- high work-related immigration
- record-low unemployment
- weak new construction supply
- low interest rates
The Latest Price Trends
Home prices went up almost 15% from March 2017 to March 2018, according to Knight Frank’s 2018 Berlin Insight report. Average rents increased 11% to 11.8% according to two sources. Average price per square metre for a Berlin apartment comes in at about 5000 Euros, yet rents are down from 2017. Commercial space too has grown at 9% in Berlin, and the forecast is for 4% growth in 2019.
In the commercial sector, coworking is the hot topic. The number of coworking locations has grown fast across the world, and the trend is expected to be just as significant in Berlin with its low vacancy rate.
According to Mansion Global, the communities of Charlottenburg, in the west, and newer Friedrichshain-Kreuzberg and Berlin-Mitte are seeing the strongest price growth. Each year there is a shortfall of about 3300 units in Berlin.
PropertyWire reported that Berlins condominium market saw the biggest increase at 18.5% in Charlottenburg-Wilmersdorf district to €4,873 per square metre, followed by Berlin-Mitte’s price growth of 11% to €5,188 per square metre and Friedrichshain-Kreuzberg +7.2% to €4,672 per square metre.
And with the population growing 40,000 to 60,000 annually to a predicted 4 million residents years ahead, population based price growth is forecast to continue. Vacancy rates were below 1.2% and down to .9% in multifamily developments.
For those wishing to invest in income property, a 3% rise in rental income and a 5% in capital growth for an 80% ROI after ten years makes it look good. This promising investment situation has resulted 25% more building permits issued in 2018.
“Despite accelerating housing construction, no relief to this pressure is in sight. Hence, the boost in rent levels is likely to continue throughout the forecast period. — from the REAL ESTATE MARKET GERMANY 2018 | 2019 report by DZ HYP.”
The German Silicon Valley
Berlin is supported by a strong and stable economy, population growth, housing shortages, and booming IT sector. Like other leading International IT startup cities such as Toronto, London, and San Francisco, Berlin is drawing 70% of Germany’s total startups. For big corporations, locating in cities with sufficient talent is important, which is why Google, Samsung and Pfizer are located here. The trend is creating demand for office space including coworking office space.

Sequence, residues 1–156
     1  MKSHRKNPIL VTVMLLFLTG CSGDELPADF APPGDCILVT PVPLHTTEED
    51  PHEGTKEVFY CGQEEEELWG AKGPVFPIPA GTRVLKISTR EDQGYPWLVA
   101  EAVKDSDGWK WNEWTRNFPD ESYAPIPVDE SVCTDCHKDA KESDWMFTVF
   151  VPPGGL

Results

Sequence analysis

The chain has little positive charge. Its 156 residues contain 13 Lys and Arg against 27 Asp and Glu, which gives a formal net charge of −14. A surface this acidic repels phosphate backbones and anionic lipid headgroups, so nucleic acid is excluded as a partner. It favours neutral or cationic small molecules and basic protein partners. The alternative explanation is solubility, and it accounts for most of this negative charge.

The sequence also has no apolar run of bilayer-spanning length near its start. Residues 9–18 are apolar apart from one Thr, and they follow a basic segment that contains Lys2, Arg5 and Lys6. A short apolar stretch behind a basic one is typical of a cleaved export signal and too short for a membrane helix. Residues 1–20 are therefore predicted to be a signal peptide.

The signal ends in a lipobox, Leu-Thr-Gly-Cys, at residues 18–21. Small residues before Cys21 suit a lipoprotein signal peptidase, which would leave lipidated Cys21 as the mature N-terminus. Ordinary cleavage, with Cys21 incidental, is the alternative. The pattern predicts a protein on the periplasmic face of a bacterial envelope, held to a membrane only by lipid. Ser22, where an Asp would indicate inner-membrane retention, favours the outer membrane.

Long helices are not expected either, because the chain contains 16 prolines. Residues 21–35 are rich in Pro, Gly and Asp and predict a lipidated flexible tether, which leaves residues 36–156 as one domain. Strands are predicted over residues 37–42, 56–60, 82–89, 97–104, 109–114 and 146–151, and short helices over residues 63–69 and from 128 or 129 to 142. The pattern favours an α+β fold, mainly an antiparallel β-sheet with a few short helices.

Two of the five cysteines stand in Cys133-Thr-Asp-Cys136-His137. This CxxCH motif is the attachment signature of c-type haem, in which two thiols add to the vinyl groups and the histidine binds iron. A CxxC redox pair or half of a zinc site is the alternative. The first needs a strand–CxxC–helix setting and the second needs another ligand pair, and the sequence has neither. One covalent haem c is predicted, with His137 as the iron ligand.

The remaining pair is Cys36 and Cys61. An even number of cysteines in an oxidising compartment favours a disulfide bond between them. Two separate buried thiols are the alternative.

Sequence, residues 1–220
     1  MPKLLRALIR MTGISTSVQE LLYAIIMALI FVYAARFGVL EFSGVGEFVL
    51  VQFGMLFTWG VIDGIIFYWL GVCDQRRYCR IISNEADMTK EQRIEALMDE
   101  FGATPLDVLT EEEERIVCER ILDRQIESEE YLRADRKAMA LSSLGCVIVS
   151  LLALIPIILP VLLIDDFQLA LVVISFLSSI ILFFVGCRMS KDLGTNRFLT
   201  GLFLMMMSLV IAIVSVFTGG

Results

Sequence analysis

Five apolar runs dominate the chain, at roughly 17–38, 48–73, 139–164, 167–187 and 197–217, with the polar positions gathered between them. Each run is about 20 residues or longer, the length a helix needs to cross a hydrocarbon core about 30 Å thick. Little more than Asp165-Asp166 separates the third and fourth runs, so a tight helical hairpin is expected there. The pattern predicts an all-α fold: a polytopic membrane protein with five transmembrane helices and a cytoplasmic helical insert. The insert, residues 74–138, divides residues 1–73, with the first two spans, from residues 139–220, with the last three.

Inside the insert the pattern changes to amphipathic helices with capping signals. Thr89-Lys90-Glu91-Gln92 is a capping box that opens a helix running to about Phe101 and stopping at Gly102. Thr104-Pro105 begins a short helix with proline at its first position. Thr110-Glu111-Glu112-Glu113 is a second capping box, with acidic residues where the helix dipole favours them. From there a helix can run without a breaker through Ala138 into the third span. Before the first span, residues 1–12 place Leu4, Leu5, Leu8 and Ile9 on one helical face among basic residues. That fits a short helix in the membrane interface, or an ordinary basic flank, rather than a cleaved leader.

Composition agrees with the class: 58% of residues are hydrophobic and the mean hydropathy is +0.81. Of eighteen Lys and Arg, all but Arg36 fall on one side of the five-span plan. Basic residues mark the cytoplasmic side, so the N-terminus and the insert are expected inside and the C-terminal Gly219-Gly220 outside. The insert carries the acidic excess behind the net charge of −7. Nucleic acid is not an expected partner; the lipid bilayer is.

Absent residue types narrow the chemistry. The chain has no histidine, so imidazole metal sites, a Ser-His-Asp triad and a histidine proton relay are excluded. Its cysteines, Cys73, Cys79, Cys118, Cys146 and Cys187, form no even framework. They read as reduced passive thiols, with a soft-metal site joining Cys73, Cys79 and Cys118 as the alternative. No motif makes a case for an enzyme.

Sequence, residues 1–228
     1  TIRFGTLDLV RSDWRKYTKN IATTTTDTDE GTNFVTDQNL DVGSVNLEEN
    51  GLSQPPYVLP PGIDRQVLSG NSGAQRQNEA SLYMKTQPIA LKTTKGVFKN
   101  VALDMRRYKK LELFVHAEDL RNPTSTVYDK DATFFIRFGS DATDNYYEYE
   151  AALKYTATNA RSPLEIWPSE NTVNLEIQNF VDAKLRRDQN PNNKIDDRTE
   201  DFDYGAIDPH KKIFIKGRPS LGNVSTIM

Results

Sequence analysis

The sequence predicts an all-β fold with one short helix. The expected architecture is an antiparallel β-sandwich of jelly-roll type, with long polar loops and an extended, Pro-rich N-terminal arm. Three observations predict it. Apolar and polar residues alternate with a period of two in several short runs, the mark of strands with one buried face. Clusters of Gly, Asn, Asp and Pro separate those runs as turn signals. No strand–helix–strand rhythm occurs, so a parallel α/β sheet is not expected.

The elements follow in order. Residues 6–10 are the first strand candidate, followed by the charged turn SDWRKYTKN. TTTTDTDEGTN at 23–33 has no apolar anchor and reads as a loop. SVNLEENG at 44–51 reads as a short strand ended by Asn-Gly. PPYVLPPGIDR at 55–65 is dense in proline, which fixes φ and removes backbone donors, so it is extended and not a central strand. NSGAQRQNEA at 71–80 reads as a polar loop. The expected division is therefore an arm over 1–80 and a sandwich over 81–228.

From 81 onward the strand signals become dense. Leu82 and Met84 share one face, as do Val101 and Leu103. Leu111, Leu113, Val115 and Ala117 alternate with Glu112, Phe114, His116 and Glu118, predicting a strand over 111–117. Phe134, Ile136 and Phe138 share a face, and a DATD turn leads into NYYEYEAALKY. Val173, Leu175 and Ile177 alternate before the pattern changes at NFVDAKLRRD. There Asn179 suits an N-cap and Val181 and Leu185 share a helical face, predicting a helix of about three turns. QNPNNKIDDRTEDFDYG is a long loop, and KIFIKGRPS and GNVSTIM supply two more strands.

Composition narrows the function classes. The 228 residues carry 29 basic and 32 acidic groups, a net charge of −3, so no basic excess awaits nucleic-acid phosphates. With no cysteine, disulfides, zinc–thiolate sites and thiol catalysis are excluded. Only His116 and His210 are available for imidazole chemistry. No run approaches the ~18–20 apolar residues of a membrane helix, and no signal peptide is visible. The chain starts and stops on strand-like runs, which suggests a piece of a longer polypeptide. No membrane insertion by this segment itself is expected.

43% of sales coming from foreign buyers (U.K., U.S. and Switzerland) and they’re buying homes priced between 300,000 and 700,000 Euros. The luxury market saw price growth of 8.5 %.
Knight Frank estimated that the number of people with net assets over US$5 million in Germany will increase from 137,000 in 2017 to 185,500 by 2022.
German Economy and Employment
Any commercial and residential market will be affected by economic productivity and employment levels. Despite headwinds of recent in Europe, the overall trend is for continued growth. Consumer sentiment and wage growth during the last year has been very strong.
JLL reports unemployment is lowest in Lichtenberg, Pankow, Treptow Kopenic, Charlottenberg-Wilmersdorf, and Teglitz-Zehlendorf. And they see Mitte, Neurolln, Reinickendorf, and Spandau has suffering the highest rates of unemployment in 2017.
Rent Prices in Berlin
Between 2005 and 2018, rents for new apartment rentals in nine cities rose by more than 50%. Although rent trends are cooling, the expectation is for double digit price increases for condominium and apartment buildings.
The final word on Berlin’s housing and apartment rental market is constrained. Regardless of Brexit and global economic trends, Germany and Berlin appear to be ideally positioned. The 7 trending factors listed at the beginning of the post foretell of growing price pressures in 2019 and beyond.
The challenge for investors is to find any properties and understand how job markets, commuter access, and housing supply will play on prices and ROI.
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Disclaimer: The above material on the German and Berlin markets are provided as educational information and do not constitute advice to buy. Anyone investing in residential or commercial property in Berlin should consult an appropriate realtor or investment advisor in Germany before proceeding. In fact, for foreign buyers, it is required by law.